Working from New Orleans on Friday, Robert Balzebre had been anxiously scanning his phone for alerts on wildfires erupting in the bedroom communities situated northwest of Los Angeles – 30 miles from his Hollywood Hills mansion.
Then, on Monday morning, a several-hundred-acre brush fire ignited on L.A.’s Westside near the Getty Center along Interstate 405, prompting authorities to issue mandatory evacuation orders for about 10,000 homes.
Balzebre, a commercial real estate developer who lives in Miami, owns a three-story, getaway vacation home tucked into tony Hollywood Hills, roughly five or so miles to the east. He outfitted the multimillion-dollar property with at least $100,000 in improvements to make it fire-resistant: The few eaves on the home are constructed with Ipe, also called Brazilian walnut, which is a heavily-oiled and dense wood not easily consumed by fire, said Abeer Sweis, a designer with Santa Monica-based SweisFloss who helped with the home’s design. The home also has exits on each floor, steel-made staircases on the outside, and plaster-based walls fused together with few seams on the exterior walls of the house – a design feature meant to lower the catching of burning embers, Sweis explained.
But Balzebre knows that despite all these precautions, “everything can burn.”
“I’m concerned, as anybody would be,” he said. “This is crazy stuff.”
“Between the hurricanes that I’ve dodged and the fires in L.A., you’d think it was the apocalypse,” he added. “It’s one danger after the other.”
The threat of fires in the Palisades, and last year’s conflagration in nearby Malibu, have hurt the luxury real estate market, spooking buyers and increasing the cost of home insurance.
“I don’t want to jump to any conclusion and be alarmist,” said Compass’ Fran Flanagan, who is an active broker in the Palisades neighborhood, which is among the areas evacuated in the wake of the Getty fire. She estimates that at least eight homes have burned thus far, ranging in value from $3 million to one under construction that could be worth as much as $25 million.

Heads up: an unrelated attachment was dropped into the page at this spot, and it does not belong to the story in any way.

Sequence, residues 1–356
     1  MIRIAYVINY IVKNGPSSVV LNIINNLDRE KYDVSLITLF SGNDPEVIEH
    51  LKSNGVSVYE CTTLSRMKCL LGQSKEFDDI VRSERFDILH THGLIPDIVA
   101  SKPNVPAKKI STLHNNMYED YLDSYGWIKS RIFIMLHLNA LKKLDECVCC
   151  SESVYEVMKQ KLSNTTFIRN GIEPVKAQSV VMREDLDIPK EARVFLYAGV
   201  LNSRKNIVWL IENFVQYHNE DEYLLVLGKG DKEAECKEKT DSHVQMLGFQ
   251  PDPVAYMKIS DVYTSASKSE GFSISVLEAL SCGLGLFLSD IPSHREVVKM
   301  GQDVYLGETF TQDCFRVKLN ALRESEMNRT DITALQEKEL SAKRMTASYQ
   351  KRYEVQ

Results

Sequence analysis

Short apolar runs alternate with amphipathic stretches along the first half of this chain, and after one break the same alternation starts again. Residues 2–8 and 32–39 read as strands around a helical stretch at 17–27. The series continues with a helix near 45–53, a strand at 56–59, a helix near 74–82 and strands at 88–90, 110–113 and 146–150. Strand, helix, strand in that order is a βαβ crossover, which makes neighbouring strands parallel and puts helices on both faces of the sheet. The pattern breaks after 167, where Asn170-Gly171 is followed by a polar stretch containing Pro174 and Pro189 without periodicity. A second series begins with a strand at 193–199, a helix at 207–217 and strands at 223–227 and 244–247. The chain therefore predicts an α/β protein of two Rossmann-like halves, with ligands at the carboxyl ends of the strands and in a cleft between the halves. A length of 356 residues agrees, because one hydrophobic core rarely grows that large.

“Let’s just watch and see what happens,” Flanagan added. “I don’t know the extent of the implications of this.”
The costs to pay out claims following a massive wildfire can be catastrophic. Last year, California regulators moved to take over Merced Property and Casualty when it was pushed into insolvency after the Paradise, Calif., fire destroyed more than 13,000 homes. Over the last two years, California wildfires have cost insurers more than $24 billion, according to the Wall Street Journal.
Brad Roeber, executive director of the Glendale-based California Insurance Guarantee Association, created by the state legislature in 1969, is hopeful that other insurers don’t become insolvent due to the latest wildfires.
“I believe, certainly in the last two decades, the Merced company was the first one to ever be taken over due to wildfires,” he said.
Sweis, the designer, doesn’t expect to hear much from clients about upgrading to more fire-resistant materials until after the wildfires are extinguished.
“They are very scared right now,” she said. “Moments like these everyone is just trying to evacuate and get to safety. I’m just checking in with all my clients making sure they are okay and if they need any support.”